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Examples

 

Roles

 

Even though protocols describe multi-participant interactions, PSL declarations are frequently ``one-sided'', describing a role with respect to a single interface. This captures the modularity of protocols in which a participant's interactions do not vary with respect to the types or states of others that it interacts with. For example, here is a fragment of a protocol for a simple File:

rules filep(File f) { // ...
 {in(R = < f->read() >)} && {
   case {isOpen(f)} enable {char c, out(reply[R](c)), 0 <= c, c <= 127}
   case {default}   pair   {out(throw[R](NotOpen x))}
 }
};

Here, the use of linking the ``normal'' read reply indicates that a situation in which a reply is generated occurs only when a file is open and receives a read request, but may not occur at all so far as can be determined from the perspective of the roles parameterized within the current rules declaration. For example, there may be ``downstream'' errors stemming from internal invocations that are not visible at this scope or level of specification. However, if a reply occurs, the return value c is subject to the listed constraints that amount to a guarantee that the return value is a 7-bit character value.

In contrast, the ``exceptional'' reply situation is linked via , indicating that (only) when a read request is received by a file that is not open, an exception reply to the request is always generated. This does not indicate that this is the only context in which the NotOpen exception is thrown. It says instead that this is the only context in which it is thrown as a reply to read. If for some reason we had wanted to make the weaker claim that NotOpen is possible but not guaranteed, we would have used . Had we wanted to make the differently weaker claim that NotOpen is always issued not only here, but perhaps also in some other context (i.e., even if the file is open) we would have used the operator.

Interactions

One-sided protocol descriptions can be useful even when interactions are focused upon fixed sets of communications partners. For example, consider a transaction framework in which Coordinators help arrange the actions of Transactors. The IDL interfaces are:

typedef long TID;

interface Transactor {
 boolean join(in TID tid);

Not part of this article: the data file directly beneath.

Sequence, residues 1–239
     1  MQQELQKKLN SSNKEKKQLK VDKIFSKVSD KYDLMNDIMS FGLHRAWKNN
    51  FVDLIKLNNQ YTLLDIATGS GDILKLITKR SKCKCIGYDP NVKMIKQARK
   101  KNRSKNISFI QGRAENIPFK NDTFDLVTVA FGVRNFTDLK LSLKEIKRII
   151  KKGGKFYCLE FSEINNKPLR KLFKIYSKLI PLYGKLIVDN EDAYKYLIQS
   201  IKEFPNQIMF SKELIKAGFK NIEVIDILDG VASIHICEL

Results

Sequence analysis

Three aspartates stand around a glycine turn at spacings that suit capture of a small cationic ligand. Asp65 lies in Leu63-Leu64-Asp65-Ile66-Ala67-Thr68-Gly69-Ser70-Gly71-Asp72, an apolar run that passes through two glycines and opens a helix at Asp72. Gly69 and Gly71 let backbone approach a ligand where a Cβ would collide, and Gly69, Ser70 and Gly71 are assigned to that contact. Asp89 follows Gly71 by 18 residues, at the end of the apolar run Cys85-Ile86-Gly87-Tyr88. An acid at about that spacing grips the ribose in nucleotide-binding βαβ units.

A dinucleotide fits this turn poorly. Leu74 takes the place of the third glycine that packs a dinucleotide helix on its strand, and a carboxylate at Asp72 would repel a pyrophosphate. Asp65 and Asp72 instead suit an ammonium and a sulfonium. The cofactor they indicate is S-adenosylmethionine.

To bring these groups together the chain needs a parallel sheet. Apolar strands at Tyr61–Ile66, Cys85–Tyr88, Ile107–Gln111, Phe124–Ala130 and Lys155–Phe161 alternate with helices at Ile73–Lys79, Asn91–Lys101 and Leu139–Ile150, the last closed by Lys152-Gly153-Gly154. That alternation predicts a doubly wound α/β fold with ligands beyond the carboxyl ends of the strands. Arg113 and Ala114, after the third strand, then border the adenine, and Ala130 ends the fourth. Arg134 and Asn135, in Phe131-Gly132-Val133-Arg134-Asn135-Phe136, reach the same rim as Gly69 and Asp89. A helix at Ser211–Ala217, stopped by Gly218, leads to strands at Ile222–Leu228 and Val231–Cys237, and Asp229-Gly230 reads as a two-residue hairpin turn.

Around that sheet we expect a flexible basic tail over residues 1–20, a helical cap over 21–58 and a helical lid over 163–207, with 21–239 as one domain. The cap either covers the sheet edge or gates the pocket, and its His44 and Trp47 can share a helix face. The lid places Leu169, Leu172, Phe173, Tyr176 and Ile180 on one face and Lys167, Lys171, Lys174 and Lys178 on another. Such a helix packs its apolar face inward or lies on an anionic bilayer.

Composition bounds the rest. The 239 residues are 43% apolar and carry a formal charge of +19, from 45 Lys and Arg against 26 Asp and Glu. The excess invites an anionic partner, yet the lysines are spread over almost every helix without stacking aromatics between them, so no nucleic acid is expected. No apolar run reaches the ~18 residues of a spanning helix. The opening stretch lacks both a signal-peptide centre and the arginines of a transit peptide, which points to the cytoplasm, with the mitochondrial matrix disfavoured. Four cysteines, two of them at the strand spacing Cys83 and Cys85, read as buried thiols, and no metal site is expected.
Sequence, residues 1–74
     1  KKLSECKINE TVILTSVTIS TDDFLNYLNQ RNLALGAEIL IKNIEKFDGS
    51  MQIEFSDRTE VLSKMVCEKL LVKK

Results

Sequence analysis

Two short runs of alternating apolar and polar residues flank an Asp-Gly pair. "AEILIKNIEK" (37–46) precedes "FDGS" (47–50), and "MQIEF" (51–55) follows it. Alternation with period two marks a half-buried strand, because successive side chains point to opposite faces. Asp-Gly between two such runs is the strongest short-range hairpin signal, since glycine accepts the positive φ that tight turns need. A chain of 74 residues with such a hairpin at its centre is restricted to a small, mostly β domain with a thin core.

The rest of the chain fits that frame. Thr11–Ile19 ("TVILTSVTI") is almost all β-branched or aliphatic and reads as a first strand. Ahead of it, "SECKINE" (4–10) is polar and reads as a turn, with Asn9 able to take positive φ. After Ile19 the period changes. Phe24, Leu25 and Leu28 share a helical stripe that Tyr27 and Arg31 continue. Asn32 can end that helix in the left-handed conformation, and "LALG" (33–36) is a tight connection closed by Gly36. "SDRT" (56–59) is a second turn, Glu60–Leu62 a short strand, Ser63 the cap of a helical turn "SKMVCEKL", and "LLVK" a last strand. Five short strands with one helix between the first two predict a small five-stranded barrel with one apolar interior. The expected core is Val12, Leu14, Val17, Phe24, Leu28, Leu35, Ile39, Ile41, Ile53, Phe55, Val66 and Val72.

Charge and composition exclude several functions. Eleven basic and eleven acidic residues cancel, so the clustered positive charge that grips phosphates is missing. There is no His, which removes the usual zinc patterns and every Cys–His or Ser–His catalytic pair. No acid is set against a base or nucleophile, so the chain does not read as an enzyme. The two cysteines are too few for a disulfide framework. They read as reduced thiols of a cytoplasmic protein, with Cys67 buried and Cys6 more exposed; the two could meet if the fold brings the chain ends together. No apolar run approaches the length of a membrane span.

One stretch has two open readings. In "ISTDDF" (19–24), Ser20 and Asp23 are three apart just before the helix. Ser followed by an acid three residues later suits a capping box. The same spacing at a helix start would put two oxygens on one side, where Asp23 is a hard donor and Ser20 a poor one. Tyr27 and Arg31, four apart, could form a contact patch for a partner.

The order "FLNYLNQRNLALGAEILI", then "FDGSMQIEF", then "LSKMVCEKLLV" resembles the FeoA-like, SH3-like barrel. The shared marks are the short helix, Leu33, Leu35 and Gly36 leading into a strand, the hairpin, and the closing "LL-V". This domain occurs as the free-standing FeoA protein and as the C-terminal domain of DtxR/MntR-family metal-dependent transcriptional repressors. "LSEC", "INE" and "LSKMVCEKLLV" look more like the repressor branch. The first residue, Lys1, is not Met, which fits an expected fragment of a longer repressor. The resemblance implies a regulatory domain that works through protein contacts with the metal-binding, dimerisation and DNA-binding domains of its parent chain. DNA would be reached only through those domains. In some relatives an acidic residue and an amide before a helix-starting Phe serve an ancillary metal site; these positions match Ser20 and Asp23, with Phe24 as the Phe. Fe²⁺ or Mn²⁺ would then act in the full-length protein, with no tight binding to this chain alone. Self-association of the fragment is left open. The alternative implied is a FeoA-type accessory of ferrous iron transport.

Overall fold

boolean commit(in TID tid) 
 void    abort(in TID tid) 
};

interface Coordinator : Transactor {
 TID     begin();
 boolean add(in TID tid,in Transactor p) raises (TransError);
};

The overall design is that Coordinators create (via begin) transaction identifiers ( TIDs) that are used to index transactions. Each transaction consists of a group of Transactor members, added via the add operation. As indicated by the use of interface inheritance, members may be other Coordinators. Each Transactor may be asked to join a transaction, and to commit or abort it. The application operations that each component performs within transactions (perhaps bank account updates) are not described in this set of interfaces.

To capture some of this in PSL/IDL, we declare a protocol module, starting off with a declaration of attribute members to represent the handles of all members of a given transaction. There may be several sets of members maintained by each Coordinator, each referenced via its transaction identifier ( tid). The associated constraint precludes the existence of any additional operations or rules that cause p to become a member unless they somehow invoke add:

sequence<Transactor> members(Coordinator c, TID tid);

rules(Coordinator c,Transactor p,TID t){
 inv {contains(members(c,t),p) --> out(reply[<c->add(p,t)>](TRUE))}
};

We next declare auxiliary function validtid and corresponding constraint to show how the notion of a valid transaction id is related to event predicates. A transaction identifier tid is valid if it was created as the result of a begin operation, but becomes invalid when the subject of any abort or commit request:

boolean validtid(Coordinator c,TID tid);

rules valid(Coordinator c, TID tid) {
 inv {validtid(c, tid)     --> out(reply[<c->begin()>](tid)) }
 inv {in(<c->abort(tid)>)  --> !validtid(c, tid) }
 inv {in(<c->commit(tid)>) --> !validtid(c, tid) }

};

Two sample protocol rules describe some of the dynamics. The first rule says that on receiving a begin request, the Coordinator replies with a tid value that has never been used before. This statement, along with the above constraints on validtid amount to a promise that each tid value returned by begin is unique and valid for the length of the transaction:

rules coord(Coordinator c) {
 {in(<c->begin()>), long tid,  empty(members(c, tid)),
  !out(reply[<c->begin()>](tid))} 
 pair  {out(reply(tid))}
}